Save our Sounds

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How often do you listen – really listen- to the sounds around you ?

Radio lovers know how important sound is to paint a rich picture and transport the listener to another place. Yet, perhaps less often we think about how sound also creates a sense of time. It has the power to evoke another age, or trigger cherished memories.

The whistle of a kettle, the ticking of a clock, the chime of my first bicycle bell, the revving of a car engine choking into life.

Each brings to life a particular time and place. But how many of these sounds will be forgotten?

And how soon will the sounds that are specific to the here and now be history: the ringtones on our mobile phones; diesel engines, dialing into a 56K modem?

So the BBC World Service is starting an exciting new project – Save Our Sounds  .

We’re asking listeners and users of the website all over the world to send in recordings of sounds you think may one day be endangered. We’re plotting the sounds on our interactive map .

Have a look round. It’s already beginning to build up a fascinating tapestry of sounds.

It’s also interesting to think about the effect sound has on our moods and life-style.  The continual din of contruction, the tinkle of wind chimes in a shady garden, the calls of market traders: each has their own impact. What’s it like living in one of the world’s mega-cites? What sounds grate and pierce your inner core? What sounds give you a sense of belonging? Tell us why you’ve chosen the sounds you have.

Here are tips on recording. Here’s how to submit your sound.

What sounds define your neighbourhood? Or your way of life? Will they be the same for your children or your grandchildren? After the project we’ll be sharing your sounds with the British Library Sound Archive.

Next week Outlook will be featuring sounds that may be danger of disappering from five parts of the world – from the fishwives of Luanda to the chai wallahs pouring tea in Delhi.

Kate Goldberg, World Service online.

8 Responses to “Save our Sounds”

  1. 1 Ann
    June 13, 2009 at 10:50

    The song of a skylark on a summers day…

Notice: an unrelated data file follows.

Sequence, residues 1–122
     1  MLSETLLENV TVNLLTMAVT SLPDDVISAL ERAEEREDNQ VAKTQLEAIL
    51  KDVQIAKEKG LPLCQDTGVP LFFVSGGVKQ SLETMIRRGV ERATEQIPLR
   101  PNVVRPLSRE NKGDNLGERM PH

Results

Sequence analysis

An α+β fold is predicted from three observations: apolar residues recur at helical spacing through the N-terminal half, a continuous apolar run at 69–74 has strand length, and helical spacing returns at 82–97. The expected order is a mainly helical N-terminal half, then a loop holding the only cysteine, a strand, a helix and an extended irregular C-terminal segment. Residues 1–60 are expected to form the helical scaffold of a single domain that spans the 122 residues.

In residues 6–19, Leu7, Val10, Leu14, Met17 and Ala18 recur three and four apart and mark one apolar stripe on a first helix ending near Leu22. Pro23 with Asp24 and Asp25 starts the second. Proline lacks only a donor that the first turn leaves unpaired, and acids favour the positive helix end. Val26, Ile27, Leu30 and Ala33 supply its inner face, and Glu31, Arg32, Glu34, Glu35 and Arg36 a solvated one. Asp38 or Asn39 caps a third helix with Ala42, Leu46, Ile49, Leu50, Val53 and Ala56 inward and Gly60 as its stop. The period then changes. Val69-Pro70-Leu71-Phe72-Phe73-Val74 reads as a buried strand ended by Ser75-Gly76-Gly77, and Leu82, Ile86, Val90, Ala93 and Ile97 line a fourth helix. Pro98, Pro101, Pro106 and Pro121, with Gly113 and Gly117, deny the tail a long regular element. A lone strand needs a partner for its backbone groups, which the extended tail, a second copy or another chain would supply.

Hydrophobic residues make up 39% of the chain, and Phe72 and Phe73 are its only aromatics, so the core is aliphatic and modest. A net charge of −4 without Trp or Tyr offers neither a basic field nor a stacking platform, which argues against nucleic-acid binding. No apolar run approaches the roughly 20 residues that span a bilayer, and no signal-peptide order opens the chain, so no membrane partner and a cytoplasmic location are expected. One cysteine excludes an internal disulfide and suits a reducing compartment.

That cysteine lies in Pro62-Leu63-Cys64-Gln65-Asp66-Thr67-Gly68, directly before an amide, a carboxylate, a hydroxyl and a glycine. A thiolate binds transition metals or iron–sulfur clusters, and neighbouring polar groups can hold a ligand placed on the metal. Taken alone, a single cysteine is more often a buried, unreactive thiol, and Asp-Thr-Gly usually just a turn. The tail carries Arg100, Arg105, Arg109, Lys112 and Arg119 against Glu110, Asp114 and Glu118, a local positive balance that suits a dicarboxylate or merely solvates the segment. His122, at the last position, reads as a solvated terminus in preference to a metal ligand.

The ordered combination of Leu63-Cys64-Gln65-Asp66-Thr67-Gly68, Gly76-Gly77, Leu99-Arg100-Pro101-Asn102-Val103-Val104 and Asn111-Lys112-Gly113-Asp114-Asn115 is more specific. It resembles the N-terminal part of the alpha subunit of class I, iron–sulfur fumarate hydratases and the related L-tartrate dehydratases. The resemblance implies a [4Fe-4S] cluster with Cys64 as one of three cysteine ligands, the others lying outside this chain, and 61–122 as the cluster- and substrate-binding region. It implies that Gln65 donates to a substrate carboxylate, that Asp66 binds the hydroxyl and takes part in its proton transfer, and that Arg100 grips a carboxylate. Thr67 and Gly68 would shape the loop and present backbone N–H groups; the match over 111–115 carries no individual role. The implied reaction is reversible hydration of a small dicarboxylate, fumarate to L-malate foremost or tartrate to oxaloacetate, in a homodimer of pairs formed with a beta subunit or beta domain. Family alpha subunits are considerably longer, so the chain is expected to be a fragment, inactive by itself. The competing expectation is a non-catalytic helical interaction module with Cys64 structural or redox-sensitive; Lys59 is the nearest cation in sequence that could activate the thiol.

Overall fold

Never fails to transport me back to running free on the Scottish hills as a child.

  2. 2 globalcomedy
    June 13, 2009 at 18:08

    Interesting question. What will still be around is kind of like other stuff. How many people still use turntables? Isn’t it weird then that it can be seen as a relic in a museum?

    One answer: get a digital recorder and create your own podcasts, etc. The technology is there waiting to be used.

  3. 4 Julia in Portland Oregon
    June 14, 2009 at 17:19

    One of my favorite sounds is of the Native American drums and stick games being played at the Arlee Pow Wow in Arlee, Montana. My whole life I’ve spent the evenings the week of July 4th drifting off to sleep listening to the drums and the singers. It is like listening to a heartbeat.

    I will be in Arlee over the 4th, as usual. I will attempt to get a recording the way I hear it – the sounds drifting over the .75 mile (~ 1.2km) of fields, sometimes mixed with the sounds of a Great Horned Owl.

    No guarantees, but I might be able to get a dat recording.

  4. 5 Andy
    June 15, 2009 at 13:28

    The sound of silence and nature. Ever more difficult to come by in this overpopulated world. Maybe i’ll get myself a boat at some stage in my life and spend my time in the middle of the ocean.

  5. June 15, 2009 at 15:04

    Salaam. The sound which I adore the most is the singing of nightingales in my garden everyday in the early morning, at around 5 to 6 Am… With my love… Yours forever, Lubna in Baghdad…

  6. November 27, 2009 at 21:06

    Save our sounds, I like the idea that make this program come up. May be we think it is like going back to the past, when there was only radio in all over the world, but there’s nothing wrong to do the things like we did in the past, although I know that the internet-era had come up extensively in a few years ago. But, it hasn’t still reached yet all people in the world as radio did. Save our Sounds is a brilliant program.

  7. December 7, 2009 at 15:10

    What a great idea- for me it’s the sound of a grandfather clock that takes me back- they have a distinctive tick that always reminds me of being a child standing in my nana’s hall.

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